M&A in payments topped $100 billion in the two years since 2018. And ongoing disaggregation across the payment value chain will keep up competitive pressures and keep the M&A engine running – at least in the short-term while money is cheap. Regulatory moves to open access to customer data through open APIs – already in place in Europe and coming to the US in 2020 – the ability of large merchants to process payments profitably at scale, the success of e-commerce platforms like Amazon and Alibaba to create large pools of payments are just part of a cycle that is breaking the chains between businesses, merchants and incumbent banks – putting very heavy pressure on margins in the process. Buy-out or sell-out will be the only option for some businesses struggling to keep up with the pace of change.

9 – Cloud 9..10,11…

If the concept of trust in banking is changing, so are perceptions of the safety and stability of financial services hosted on the cloud. The new dynamics of digital – continuous improvement, rapid deployment, and agile response – mean that concepts like product manufacturing and customer ownership are about as relevant today as the benches that Florentine traders used to break when they could no longer lend money. Expect more use of cloud-based platforms to deliver and develop new services, at speed – with the potential for more collaboration between fintech innovators and incumbent institutions – and yet more pressure on margins as the drive for scale and data incentivises transaction discounting. For banks in particular the old argument of buy v build will continue to rage (but ‘buy’ should win out).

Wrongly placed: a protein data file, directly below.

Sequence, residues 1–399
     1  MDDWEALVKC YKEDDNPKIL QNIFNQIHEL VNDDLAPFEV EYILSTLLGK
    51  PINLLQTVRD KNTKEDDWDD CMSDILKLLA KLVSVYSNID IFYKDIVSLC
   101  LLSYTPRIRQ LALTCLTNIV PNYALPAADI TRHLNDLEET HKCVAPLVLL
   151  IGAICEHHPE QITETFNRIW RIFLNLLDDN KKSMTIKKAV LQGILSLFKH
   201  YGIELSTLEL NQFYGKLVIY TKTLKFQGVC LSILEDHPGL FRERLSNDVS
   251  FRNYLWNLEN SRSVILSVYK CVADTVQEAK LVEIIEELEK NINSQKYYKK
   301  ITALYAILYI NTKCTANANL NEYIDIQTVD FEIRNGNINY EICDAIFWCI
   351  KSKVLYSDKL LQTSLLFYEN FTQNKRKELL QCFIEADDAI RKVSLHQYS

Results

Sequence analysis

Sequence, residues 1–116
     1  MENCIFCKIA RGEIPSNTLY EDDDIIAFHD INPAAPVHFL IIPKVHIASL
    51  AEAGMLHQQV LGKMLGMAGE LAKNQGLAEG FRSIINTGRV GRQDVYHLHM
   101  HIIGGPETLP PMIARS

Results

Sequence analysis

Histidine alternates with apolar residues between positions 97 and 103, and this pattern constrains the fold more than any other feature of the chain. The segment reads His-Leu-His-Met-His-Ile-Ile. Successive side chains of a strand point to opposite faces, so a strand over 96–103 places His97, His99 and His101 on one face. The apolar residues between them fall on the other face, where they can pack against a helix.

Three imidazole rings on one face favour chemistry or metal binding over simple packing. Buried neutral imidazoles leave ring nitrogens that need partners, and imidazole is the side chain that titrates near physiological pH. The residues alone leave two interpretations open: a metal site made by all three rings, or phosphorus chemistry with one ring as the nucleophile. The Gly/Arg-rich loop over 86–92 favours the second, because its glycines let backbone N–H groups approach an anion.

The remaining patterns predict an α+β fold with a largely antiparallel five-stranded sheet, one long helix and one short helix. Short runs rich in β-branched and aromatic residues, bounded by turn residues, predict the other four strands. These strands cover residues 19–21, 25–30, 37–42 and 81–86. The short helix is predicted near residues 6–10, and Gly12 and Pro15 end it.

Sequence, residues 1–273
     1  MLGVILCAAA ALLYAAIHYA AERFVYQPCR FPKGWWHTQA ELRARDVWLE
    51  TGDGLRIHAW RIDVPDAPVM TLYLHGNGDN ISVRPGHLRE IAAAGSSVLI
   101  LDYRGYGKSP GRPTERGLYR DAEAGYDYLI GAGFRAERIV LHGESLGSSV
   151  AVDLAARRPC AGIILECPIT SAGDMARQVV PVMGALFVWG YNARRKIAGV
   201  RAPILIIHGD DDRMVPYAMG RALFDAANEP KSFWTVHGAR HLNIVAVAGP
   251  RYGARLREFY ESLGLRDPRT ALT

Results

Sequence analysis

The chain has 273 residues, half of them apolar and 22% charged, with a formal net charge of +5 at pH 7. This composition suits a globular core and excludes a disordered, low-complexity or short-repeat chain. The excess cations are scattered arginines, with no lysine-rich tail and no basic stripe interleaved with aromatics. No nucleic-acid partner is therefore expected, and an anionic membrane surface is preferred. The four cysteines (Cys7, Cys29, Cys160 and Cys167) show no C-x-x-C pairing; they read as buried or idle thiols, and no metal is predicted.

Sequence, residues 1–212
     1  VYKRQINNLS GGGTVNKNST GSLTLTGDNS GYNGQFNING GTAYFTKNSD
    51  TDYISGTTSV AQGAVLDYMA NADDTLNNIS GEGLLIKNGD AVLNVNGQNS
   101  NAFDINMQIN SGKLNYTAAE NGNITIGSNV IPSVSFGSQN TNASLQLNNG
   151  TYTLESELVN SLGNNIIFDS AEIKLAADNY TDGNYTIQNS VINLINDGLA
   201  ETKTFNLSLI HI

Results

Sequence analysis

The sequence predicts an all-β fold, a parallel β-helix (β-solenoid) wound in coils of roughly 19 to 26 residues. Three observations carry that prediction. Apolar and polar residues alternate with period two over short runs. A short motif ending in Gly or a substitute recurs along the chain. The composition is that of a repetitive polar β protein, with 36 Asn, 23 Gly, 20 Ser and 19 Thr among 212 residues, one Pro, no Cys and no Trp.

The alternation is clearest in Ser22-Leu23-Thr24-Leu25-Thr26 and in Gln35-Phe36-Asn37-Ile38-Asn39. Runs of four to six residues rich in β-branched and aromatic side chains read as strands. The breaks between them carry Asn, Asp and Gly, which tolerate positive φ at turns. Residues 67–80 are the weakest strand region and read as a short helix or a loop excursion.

10 – Payments – your flexible friend

Flexibility has moved up a notch from the days when ‘flexibility’ referred to the material credit cards were made from. Making money from payments in the 20s requires a culture that prioritises the consumer – where flexibility is the primary attribute – and customer experience the force that drives ‘top of wallet’ behaviour. Importantly, despite many banks’ apparent resignation that they’ve lost the payments race – the game is far from over. Strong reputations for reliability and stability, correspondent networks that enable cross-border payments in corridors not supported by fintech attackers, and real-time technology that allows under-writing at point of sale, or makes it easier to offer instalment payments to meet consumer demand to match borrowing with specific spending, mean the field is wide open for enterprises with the flexible payment mindset.


Global Fintech Index 2020, Findexable

The Future of Payments, Deutsche Bank, January 2020

Global Payments Report 2019, McKinsey & Company, September 2019

The 2019 Federal Reserve Payments Study, December 2019

EY Global Fintech Adoption Index 2019

The Global Fintech Index 2020 City Rankings is now live!
Follow us on @findexable